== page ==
INTERVIEW: Amlak IPO a vote of confidence in long-term fundamentals, says CEO Abdullah Al-Sudairy

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Updated 28 June 2020

INTERVIEW: Amlak IPO a vote of confidence in long-term fundamentals, says CEO Abdullah Al-Sudairy

  • Property finance CEO explains how stock exchange listing will benefit the mortgage market

Amlak International, the Saudi Arabian real estate finance company, surprised markets with the announcement that it was pressing ahead with an initial public offering (IPO) on the Tadawul that could value it at around SR1.5 billion ($400 million).

For one thing, the Kingdom’s economy, similar to the rest of the world, has been rocked by the ravages of the coronavirus disease (COVID-19) pandemic; for another, global financial markets are in a state of uncertainty as the world economy teeters on the brink of the worst recession since the 1930s.

Abdullah Al-Sudairy, Amlak’s CEO, is determined to overcome those challenges with the Kingdom’s first IPO since the virus outbreak.

“We believe the long-term fundamentals have not changed. Yes, there has been a temporary disruption, not just in Saudi Arabia but globally, but we believe this will pass,” he told Arab News.

Amlak was widely rumored to be considering the market initiative earlier this year before the pandemic broke on the world. That put the plans on hold for a while, but the decision to go ahead with it now represents a vote of confidence in the business, in the fundamentals of the Saudi economy, and in the Kingdom’s financial markets.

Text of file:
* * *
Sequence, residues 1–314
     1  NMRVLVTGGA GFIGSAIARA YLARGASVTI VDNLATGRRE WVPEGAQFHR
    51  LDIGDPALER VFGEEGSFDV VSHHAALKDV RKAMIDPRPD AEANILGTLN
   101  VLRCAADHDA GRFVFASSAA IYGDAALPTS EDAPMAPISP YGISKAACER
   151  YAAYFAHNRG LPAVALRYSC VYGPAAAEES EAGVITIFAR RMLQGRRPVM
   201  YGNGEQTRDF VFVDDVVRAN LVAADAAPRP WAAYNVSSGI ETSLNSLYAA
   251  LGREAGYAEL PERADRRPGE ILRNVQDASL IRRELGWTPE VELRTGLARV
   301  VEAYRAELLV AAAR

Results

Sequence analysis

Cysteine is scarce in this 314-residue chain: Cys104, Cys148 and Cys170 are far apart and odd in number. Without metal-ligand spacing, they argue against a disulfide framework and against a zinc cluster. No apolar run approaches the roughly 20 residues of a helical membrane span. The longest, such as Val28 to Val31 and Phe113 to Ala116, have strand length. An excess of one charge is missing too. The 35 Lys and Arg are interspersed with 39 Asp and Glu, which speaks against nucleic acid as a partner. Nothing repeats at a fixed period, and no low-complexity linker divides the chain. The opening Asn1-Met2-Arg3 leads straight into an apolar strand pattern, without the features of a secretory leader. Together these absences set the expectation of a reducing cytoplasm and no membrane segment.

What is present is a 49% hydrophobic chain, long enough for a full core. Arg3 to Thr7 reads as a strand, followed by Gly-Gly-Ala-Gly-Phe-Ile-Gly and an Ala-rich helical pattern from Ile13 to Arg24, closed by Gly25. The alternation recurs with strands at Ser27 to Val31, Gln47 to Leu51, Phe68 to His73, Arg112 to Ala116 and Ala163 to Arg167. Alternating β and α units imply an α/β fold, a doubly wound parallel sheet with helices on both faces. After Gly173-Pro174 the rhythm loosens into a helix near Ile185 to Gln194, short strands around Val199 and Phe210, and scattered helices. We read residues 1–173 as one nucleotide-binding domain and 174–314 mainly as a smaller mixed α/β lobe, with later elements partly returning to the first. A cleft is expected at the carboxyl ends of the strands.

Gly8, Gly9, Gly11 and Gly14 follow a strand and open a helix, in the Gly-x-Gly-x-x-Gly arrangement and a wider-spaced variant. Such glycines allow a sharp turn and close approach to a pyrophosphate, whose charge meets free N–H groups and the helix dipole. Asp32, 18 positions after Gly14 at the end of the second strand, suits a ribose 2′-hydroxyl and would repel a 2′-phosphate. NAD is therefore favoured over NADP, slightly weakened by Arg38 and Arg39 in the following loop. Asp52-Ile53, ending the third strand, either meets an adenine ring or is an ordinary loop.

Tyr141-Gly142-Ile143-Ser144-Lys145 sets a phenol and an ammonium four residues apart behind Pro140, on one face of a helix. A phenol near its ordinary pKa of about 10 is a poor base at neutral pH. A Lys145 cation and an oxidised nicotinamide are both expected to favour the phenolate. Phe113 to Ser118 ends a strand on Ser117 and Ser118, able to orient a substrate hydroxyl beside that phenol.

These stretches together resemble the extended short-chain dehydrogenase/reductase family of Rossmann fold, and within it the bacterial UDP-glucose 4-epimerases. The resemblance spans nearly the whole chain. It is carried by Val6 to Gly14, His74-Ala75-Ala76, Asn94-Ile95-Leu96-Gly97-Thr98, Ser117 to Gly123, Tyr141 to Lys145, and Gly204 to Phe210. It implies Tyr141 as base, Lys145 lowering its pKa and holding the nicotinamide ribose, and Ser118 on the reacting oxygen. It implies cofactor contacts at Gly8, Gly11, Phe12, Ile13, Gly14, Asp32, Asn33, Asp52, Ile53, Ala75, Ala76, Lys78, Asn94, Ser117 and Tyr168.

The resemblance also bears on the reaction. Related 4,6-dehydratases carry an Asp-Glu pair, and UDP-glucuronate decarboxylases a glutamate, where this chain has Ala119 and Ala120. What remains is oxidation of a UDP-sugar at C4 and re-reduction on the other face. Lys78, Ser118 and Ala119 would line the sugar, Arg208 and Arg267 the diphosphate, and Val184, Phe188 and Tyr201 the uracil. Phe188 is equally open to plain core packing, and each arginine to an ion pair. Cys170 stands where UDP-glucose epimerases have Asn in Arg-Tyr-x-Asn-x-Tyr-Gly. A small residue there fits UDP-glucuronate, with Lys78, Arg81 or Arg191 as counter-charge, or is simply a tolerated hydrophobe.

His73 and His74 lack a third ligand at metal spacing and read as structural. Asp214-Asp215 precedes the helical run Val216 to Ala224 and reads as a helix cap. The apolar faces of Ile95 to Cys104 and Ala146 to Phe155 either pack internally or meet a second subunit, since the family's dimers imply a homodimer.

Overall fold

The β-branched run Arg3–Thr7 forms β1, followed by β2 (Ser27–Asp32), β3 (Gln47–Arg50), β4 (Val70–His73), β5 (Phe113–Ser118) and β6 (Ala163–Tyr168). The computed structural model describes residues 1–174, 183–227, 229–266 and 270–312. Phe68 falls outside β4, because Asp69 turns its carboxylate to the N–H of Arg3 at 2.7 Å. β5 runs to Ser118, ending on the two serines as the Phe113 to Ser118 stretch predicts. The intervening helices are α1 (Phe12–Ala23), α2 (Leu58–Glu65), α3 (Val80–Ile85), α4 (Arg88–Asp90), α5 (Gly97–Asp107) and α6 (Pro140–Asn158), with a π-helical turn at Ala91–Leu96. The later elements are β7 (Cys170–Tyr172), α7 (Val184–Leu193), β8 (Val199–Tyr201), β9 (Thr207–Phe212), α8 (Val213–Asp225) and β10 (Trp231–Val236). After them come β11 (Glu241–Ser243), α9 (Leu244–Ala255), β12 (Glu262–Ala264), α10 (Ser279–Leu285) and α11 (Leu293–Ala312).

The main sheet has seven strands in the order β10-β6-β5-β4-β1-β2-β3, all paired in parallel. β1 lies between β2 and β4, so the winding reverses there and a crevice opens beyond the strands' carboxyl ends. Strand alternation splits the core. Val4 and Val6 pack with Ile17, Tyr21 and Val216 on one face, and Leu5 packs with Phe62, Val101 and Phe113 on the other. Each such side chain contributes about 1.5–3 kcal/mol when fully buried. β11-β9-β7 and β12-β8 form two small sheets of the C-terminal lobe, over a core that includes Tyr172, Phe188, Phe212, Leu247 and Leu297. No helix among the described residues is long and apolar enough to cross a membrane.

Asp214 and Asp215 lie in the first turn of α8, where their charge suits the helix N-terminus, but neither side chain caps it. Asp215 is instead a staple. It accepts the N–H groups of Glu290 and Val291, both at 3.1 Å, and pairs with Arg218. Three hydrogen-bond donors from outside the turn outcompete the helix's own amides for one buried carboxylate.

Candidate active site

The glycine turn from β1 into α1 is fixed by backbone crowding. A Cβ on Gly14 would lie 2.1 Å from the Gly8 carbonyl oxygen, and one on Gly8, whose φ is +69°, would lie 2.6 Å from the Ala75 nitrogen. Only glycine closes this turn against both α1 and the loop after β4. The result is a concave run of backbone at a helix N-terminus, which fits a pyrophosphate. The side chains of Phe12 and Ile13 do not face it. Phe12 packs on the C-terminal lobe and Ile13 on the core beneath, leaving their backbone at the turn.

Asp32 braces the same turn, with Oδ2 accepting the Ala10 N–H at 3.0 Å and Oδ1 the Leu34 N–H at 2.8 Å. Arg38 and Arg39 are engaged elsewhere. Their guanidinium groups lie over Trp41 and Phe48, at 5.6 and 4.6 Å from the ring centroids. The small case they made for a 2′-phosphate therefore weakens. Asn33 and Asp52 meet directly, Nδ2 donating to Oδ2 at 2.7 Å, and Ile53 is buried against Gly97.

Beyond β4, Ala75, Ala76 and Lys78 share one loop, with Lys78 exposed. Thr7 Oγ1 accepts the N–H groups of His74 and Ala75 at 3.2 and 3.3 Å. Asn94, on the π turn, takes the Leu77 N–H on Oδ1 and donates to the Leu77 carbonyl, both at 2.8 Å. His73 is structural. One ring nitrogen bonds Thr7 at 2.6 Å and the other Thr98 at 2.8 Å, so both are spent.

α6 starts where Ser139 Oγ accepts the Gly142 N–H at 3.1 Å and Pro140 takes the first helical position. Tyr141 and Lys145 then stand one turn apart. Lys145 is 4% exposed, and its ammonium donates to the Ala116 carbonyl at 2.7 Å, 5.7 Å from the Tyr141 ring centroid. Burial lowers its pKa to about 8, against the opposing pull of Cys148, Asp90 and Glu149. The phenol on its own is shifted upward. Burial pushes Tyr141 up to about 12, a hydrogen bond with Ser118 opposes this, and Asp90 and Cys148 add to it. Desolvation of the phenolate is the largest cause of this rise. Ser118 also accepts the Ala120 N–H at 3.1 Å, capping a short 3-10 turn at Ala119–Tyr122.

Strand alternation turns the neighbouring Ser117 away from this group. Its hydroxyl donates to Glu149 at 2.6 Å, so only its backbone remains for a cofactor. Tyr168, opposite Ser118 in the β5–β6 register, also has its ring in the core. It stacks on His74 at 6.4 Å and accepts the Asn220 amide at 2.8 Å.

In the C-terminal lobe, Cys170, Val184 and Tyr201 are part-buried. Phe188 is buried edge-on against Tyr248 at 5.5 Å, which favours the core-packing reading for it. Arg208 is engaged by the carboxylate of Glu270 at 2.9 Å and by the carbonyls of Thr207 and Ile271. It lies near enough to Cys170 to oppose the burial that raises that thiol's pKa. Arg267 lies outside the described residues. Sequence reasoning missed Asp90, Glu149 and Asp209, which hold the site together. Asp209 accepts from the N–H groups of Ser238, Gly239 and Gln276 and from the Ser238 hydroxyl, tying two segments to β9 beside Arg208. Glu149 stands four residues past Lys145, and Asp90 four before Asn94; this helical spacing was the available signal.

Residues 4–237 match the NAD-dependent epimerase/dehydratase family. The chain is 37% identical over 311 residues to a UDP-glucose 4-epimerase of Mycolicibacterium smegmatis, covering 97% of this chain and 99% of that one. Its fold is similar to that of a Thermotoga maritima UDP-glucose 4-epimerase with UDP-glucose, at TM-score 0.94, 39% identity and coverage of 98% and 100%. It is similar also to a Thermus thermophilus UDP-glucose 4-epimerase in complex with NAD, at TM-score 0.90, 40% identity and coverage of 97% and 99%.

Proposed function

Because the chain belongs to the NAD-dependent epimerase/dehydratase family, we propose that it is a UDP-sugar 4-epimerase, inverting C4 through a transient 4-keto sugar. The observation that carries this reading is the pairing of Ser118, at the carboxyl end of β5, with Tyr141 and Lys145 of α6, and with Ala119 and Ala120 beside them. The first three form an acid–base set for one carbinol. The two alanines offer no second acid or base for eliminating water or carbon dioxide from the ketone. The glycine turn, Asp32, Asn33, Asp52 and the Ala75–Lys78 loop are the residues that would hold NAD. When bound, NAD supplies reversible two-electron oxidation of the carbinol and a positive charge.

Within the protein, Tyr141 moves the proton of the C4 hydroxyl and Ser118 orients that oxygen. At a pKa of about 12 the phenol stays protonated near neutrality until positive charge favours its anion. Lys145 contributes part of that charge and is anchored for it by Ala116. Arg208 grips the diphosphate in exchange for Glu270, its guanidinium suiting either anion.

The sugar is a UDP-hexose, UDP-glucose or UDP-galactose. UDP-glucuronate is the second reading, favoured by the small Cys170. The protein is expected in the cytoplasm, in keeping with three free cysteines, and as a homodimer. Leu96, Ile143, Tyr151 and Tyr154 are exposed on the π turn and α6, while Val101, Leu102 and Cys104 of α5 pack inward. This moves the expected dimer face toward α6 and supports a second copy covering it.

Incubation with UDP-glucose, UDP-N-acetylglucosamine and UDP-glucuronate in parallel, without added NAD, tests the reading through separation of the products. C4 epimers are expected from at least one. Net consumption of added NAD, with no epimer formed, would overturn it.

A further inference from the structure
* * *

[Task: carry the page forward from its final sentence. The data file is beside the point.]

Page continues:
It can also be viewed as a belief that the recovery from the pandemic will come quickly, and will be in the V-shape talked about by some economists — a sharp upturn to follow the opening up of economies around the world as lockdowns are lifted and some return to normality takes place — even if it is the “new normal” many experts predict.


Born: Jouf, Saudi Arabia


  • Bachelor’s degree in accounting, King Saud University
  • Thunderbird School of Global Management, Arizona, US


  • Assistant general manager, Samba Financial Group
  • Director, Saudi Ceramics
  • Board member, Dallah Healthcare
  • CEO, Amlak International

“Saudi has a young population, the government is determined to improve jobs and increase housing ownership in the Kingdom as part of the Vision 2030 (reform plan), and we believe this is going to happen.

“Our business has not been severely disrupted these past few months. There has been a limited disruption because of the curfew but origination numbers have been acceptable, even in the first half,” Al-Sudairy added.

Despite this positive outlook, the decision to press ahead with the IPO — which is being organized by the investment banking arm of the Kingdom’s premier financial institution NCB Capital — must have been weighed carefully.

The International Monetary Fund said recently that the Saudi economy would shrink by 6.9 percent this year, and the government has brought in a series of measures to deal with the downturn and the hole in public finances caused by the fall in oil prices.